CEOs to HR: "Think LEAN!"
With rapidly advancing technology, new human capital trends, and the rethinking of education, CEOs often look to HR to develop strategies to most efficiently manage workforce growth. Do we outsource functions or bring talent in-house? How do we keep up with automation while engaging our workforce? Where do we develop potential vs. hire for expertise?
To add to that complexity, there is a new dimension to workforce planning. Roles that were once broadly defined and considered core functions are being chopped up with the goal of gaining efficiency or access to expertise.
Targeted, or micro-outsourcing has been common in IT for years. Now we are seeing the robust “gig economy” mature in response to micro-outsourcing needs and a lean production mentality across all functional areas, including human resources. Lean management philosophy seeks to eliminate waste of time, effort or money by identifying each step in a business process and then revising or cutting out steps that do not create value. It further creates an opportunity to question whether or not a function or task is best addressed by internal or external resources.
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Amanda Haddaway, Managing Director for HR Answerbox, sees an increased demand from businesses that apply a lean manufacturing approach to every department, including Human Resources.
“We’re seeing a trend towards outsourcing specific HR projects. The business case for this is easy: you can hire a subject-matter expert for one particular project and save the organization time and money. The consultant is able to come in, solve the problem du jour quickly and with ease, and not need full-time billable hours or benefits.”
Developing lean expertise within HR is smart business. Partnering with companies like Payroll Network so you don’t have to worry about changing payroll regulations, or TalentCMO for comprehensive recruitment marketing, not only maximizes limited resources, but provides access to functional expertise that might not otherwise be available to a small or mid-size business. Being adept at identifying opportunities to eliminate productivity waste and managing a variety of external partners is an HR skill in high demand.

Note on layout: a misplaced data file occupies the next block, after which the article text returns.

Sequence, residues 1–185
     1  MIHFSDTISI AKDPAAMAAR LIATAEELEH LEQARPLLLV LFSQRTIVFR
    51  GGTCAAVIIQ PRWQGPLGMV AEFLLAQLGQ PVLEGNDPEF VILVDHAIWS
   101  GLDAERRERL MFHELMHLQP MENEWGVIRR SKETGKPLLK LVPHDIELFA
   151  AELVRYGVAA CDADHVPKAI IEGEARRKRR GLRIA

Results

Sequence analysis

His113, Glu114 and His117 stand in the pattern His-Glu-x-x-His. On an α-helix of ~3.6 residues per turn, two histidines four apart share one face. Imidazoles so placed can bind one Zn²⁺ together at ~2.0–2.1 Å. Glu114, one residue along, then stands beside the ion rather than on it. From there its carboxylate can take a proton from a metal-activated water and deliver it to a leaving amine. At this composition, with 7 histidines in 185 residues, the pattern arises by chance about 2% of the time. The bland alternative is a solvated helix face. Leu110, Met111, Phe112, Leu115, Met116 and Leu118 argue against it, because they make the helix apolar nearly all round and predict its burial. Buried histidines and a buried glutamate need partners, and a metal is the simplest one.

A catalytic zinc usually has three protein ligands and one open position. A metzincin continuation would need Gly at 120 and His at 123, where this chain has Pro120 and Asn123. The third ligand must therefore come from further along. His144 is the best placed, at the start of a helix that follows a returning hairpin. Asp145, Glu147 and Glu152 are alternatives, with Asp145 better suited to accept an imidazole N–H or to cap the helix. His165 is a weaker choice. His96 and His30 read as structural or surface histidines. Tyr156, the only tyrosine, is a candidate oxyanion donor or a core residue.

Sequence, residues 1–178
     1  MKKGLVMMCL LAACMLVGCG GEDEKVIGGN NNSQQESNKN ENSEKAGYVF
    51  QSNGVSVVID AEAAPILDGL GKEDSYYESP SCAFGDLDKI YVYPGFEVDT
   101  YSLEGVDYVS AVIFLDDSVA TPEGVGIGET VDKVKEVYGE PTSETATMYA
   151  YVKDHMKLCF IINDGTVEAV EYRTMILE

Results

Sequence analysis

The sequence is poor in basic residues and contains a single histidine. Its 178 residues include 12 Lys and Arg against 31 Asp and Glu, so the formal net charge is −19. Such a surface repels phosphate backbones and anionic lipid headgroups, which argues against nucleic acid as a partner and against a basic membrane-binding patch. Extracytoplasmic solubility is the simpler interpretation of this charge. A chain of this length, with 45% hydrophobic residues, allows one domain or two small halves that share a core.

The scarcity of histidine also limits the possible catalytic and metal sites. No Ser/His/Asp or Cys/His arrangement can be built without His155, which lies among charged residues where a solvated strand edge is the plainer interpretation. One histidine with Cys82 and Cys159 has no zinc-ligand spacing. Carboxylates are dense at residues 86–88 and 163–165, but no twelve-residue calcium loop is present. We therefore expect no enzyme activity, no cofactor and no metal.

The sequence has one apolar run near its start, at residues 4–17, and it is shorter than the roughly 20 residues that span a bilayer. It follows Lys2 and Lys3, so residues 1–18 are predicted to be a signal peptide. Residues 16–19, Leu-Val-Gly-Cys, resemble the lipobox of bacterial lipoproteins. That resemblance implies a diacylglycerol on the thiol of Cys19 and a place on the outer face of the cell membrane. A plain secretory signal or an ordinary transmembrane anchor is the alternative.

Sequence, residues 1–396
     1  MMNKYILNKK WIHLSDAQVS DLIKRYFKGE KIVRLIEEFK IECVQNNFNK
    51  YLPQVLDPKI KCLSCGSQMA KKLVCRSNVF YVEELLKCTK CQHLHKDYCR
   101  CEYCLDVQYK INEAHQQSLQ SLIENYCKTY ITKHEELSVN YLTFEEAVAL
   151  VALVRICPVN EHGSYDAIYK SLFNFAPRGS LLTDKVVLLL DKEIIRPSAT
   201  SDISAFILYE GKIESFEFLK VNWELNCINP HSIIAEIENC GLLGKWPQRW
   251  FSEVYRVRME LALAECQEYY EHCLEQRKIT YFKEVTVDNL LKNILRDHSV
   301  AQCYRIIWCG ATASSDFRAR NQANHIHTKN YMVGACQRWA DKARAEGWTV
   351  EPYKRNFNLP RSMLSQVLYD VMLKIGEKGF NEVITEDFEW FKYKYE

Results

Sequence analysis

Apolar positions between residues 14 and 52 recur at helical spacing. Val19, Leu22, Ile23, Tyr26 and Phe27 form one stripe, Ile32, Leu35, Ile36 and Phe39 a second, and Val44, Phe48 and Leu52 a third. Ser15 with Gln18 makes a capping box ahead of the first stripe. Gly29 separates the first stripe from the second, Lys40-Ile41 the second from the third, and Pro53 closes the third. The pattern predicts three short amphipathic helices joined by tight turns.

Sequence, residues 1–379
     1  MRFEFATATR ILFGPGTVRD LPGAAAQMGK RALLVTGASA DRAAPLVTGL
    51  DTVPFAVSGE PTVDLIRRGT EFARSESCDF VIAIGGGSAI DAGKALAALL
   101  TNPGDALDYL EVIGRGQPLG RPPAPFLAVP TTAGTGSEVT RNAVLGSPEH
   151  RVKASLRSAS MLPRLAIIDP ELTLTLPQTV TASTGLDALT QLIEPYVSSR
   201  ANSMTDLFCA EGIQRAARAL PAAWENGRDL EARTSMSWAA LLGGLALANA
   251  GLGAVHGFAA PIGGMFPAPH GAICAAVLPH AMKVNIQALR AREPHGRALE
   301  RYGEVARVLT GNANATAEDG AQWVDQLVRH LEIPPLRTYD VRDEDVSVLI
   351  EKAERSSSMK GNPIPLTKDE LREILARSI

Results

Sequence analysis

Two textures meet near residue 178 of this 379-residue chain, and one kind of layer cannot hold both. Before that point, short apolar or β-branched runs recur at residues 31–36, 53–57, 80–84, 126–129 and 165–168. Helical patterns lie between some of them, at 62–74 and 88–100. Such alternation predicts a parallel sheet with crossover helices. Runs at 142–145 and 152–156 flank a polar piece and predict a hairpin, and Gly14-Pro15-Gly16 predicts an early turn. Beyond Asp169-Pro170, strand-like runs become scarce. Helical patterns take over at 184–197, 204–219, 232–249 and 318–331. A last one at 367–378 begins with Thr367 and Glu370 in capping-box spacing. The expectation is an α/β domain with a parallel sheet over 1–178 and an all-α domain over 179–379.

Tobin Lehman, President of New North, a digital marketing agency specializing in B2B, agrees:
"Among our clients, we are definitely seeing a trend towards buying solutions that solve specific marketing challenges rather than engaging marketing generalists. For many companies, it makes more sense to acquire and pay for the expertise needed as opposed to making a full-time hire just to solve the 20% need."
When you make a full-time hire you make an investment. You are essentially paying that person to stay off the market, with the expectation that he or she will contribute value beyond the typical 3-4 productive hours per day. When deciding whether to buy someone’s time (full-time hire) or just the particular expertise you need (buying the talent), it’s good to start with a little self-reflection. Ask yourself:
What are our core values? How do they inform our human capital strategy?
Do we see ourselves as builders or buyers of talent?
Identifying where you can avoid adding wasted capacity, and thereby increase value to the company, is a winning talent management strategy and will be time well spent. Mastering that skill will cement HR’s value now and in the future as the definition of “workforce” continues to evolve.
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Links and other interesting stuff:
Is Your Recruiting Social? Are you “marketing” your company and jobs to talent using social? By 2020, 2.95 billion users globally are expected to be on social media. Reach out if you need help engaging talent on social.
Looking for interns? Join our Teaming for Talent program and connect with students in D.C., Maryland, and Virginia.
Check out this sweet Career Showcase (a standalone microsite built for candidates to show company's authenticity) that we built for one of our clients.